the margin giving the appearance of eye lashes; these are most strongly developed ventrally and postero-dorsally as well as anteriorly in the median line. The ommatidia are hexagonal and uniform.
The antennae are very long, longer than the body, and typically eleven-jointed. The scape is the thickest, the pedicle shortest, and the third joint longest. The first six segments, especially the first four of the flagellum, carry long setae posteriorly along their length. The basal colour of the antennae is a blackish brown, but white, yellow, brown, and black hairs arranged in bands give the antennae the characteristic banded appearance. The clothing hairs of the scape are brown, those of the pedicel blackish-brown, while the long setae on the scape are yellowish and on the pedicel black. In the next four joints, the clothing hairs proximally are white, and distally brownish-black; the long setae are proximally yellow, and distally black. The seventh joint carries a few long setae on the proximal posterior border; these setae are not as long as those of the other joints. The last five joints exhibit the same basal colour, becoming a little lighter toward the extremity; they are covered with short clothing hairs which are white at the base but otherwise blackish-brown. The joints are progressively shorter from the third to the eleventh, the latter being rounded at its tip; all articulate with their neighbours except the pedicle, which appears fused to the third joint. The scape articulates with the head by means of the antennary socket.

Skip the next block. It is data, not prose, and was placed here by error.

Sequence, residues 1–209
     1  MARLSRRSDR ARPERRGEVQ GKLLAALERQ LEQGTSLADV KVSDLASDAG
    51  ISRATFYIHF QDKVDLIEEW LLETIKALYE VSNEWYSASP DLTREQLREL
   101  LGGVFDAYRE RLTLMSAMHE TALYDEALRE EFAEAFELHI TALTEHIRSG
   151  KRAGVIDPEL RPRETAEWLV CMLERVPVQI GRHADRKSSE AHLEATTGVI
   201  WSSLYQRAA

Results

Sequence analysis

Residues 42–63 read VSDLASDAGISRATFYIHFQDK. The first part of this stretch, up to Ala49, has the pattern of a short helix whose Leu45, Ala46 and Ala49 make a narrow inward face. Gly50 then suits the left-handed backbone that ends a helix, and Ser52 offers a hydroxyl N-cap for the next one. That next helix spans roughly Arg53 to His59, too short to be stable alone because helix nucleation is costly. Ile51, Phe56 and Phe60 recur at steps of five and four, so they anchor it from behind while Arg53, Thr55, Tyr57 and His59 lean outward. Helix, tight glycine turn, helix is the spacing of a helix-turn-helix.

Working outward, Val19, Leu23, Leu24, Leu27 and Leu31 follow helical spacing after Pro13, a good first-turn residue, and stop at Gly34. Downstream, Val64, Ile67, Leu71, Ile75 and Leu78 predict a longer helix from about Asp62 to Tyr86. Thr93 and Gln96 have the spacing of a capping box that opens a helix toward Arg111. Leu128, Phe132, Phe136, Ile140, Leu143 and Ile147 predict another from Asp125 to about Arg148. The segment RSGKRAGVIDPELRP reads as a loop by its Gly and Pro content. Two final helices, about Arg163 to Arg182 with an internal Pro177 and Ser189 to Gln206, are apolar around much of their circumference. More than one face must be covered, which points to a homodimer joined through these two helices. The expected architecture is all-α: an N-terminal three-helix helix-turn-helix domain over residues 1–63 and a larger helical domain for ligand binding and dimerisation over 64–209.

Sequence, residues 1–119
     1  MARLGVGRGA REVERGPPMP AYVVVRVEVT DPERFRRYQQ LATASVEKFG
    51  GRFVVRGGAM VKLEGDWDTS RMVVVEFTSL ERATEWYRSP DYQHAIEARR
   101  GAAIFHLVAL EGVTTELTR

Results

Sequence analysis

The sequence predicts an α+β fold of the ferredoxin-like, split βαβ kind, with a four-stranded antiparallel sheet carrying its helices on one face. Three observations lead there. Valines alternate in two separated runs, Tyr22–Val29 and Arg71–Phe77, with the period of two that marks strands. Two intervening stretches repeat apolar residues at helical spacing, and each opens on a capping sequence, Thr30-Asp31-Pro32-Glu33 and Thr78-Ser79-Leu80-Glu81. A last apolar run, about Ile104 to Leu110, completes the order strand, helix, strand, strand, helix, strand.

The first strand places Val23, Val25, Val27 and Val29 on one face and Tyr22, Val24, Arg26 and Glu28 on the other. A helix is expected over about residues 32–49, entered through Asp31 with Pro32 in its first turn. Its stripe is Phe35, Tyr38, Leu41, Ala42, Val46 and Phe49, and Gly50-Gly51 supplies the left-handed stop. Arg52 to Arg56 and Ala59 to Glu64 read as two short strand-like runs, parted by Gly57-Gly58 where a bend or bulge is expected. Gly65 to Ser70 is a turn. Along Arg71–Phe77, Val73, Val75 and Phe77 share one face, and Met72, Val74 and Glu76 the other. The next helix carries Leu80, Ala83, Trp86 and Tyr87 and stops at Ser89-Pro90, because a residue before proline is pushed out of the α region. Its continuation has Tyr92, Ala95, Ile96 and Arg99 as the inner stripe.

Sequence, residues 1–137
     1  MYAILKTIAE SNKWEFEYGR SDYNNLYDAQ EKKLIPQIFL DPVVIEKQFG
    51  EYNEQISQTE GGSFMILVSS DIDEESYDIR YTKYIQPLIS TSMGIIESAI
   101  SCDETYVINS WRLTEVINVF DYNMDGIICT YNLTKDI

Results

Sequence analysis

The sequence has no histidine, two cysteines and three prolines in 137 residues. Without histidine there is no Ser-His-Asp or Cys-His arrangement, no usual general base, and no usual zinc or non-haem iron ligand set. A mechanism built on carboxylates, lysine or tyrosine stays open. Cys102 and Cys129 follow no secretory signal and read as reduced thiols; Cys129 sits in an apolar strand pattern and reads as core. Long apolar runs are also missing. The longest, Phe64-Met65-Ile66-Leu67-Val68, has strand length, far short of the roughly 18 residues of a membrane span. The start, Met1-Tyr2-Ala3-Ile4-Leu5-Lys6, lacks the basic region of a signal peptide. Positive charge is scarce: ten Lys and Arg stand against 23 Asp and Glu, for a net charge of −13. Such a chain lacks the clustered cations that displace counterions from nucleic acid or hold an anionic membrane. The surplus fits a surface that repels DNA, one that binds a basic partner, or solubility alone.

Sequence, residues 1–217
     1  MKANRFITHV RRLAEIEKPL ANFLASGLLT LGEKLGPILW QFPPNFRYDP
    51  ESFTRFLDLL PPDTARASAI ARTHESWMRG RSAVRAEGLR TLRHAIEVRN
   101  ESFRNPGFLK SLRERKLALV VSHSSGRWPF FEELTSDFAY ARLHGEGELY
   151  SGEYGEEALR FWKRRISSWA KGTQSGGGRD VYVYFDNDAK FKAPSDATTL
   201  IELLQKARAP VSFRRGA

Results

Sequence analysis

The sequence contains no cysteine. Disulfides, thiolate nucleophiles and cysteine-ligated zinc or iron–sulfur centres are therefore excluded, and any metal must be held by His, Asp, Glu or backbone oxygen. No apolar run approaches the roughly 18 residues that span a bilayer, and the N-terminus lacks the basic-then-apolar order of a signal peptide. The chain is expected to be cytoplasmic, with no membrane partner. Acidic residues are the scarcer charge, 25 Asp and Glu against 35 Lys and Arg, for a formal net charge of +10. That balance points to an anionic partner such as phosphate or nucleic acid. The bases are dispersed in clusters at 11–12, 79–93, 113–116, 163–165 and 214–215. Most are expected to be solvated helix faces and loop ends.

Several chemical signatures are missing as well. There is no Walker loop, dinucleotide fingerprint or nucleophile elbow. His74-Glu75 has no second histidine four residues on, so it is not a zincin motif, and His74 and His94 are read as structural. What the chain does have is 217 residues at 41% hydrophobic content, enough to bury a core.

The lateral anterior inner parts of the labrum bear setae as well as the external portion. On the inside the median section is raised to form the epipharynx (fig. 23), the sides of which are supported by chitinous rods posteriorly.
The mandibles (fig. 20) are well developed, strong, hollow and curved, with a sharp cutting inner edge slightly serrated, and a broader outer edge which carries hairs; there is no tooth as in the larval mandible. The condyle is well developed and articulates in the socket of the gena which is ventro-laterally placed. The fronto-clypeal facet for the ginglymus is dorso-lateral. Both dorsal and ventral surfaces of the mandible are smooth; on the dorsal surface near the base of the inner margin of the mandible there is a small hollow or pit filled with short hairs; there is no crushing area. The mandibles are used for cutting the bark scissor-fashion and evidently the small pieces shredded off do not undergo further mastication, the gut being found to contain comparatively large pieces.
Each maxilla (figs. 13, 14 and 17) consists of a basal cardo (fig. 17) which is completely hidden from view when the parts are lying in situ; it is narrower basally and has a half turn, the line of attachment to the head being at right angles to the line of attachment to the stipes. The stipes is visible ventrally when the parts are in situ; it is roughly a rectangle and hairs are present along its outer margin. Antero-laterally the stipes carries the palpifer which bears the four-segmented palp; the connecting membranes are white and the joints of the palp blackish brown with comparatively few setae; this absence of setae is an unusual feature; the basal joint is the shortest, the next two the longest and broadened anteriorly, while the terminal one is obtusely pointed.
The stipes bears the two-pointed galea between the lacinia and the palpifer. The proximal portion or the blade of the galea (fig. 16) is narrower and triangular in cross section, while distally it broadens and flattens; it bears numerous hairs on the anterior end of the outer surface. The sub-galea is at right angles to the blade.